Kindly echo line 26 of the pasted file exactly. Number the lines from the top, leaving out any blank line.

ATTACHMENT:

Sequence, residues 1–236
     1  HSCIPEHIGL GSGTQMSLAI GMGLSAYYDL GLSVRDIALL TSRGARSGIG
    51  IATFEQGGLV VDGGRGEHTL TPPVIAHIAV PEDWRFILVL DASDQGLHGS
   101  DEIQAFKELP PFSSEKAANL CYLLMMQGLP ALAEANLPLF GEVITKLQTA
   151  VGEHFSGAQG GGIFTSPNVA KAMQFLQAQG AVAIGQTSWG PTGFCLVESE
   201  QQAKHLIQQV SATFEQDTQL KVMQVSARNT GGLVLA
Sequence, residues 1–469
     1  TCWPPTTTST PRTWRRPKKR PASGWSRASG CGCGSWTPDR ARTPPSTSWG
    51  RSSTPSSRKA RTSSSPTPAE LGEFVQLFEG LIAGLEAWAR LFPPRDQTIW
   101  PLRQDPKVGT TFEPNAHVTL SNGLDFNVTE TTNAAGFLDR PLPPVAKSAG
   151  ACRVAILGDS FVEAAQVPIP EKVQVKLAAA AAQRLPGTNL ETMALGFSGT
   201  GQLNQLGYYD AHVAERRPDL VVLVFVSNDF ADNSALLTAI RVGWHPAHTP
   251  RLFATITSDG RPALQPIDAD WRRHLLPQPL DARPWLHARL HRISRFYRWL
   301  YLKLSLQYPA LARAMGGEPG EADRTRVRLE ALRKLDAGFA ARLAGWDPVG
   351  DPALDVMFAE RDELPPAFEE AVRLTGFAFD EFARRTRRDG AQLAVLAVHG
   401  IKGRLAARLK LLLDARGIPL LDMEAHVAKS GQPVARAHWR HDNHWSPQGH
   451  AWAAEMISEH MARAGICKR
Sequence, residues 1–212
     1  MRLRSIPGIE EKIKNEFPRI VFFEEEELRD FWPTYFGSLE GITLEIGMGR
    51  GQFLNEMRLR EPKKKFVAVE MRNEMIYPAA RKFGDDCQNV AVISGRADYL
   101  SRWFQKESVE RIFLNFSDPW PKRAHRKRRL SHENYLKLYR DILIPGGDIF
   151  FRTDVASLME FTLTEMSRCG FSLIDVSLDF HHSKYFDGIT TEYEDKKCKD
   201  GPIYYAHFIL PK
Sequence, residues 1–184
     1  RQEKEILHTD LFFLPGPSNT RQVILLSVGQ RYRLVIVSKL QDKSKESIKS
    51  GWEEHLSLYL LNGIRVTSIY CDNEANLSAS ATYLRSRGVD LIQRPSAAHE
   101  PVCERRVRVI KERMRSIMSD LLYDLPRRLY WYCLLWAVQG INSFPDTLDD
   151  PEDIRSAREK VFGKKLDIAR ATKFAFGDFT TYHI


    51  GWEEHLSLYL LNGIRVTSIY CDNEANLSAS ATYLRSRGVD LIQRPSAAHE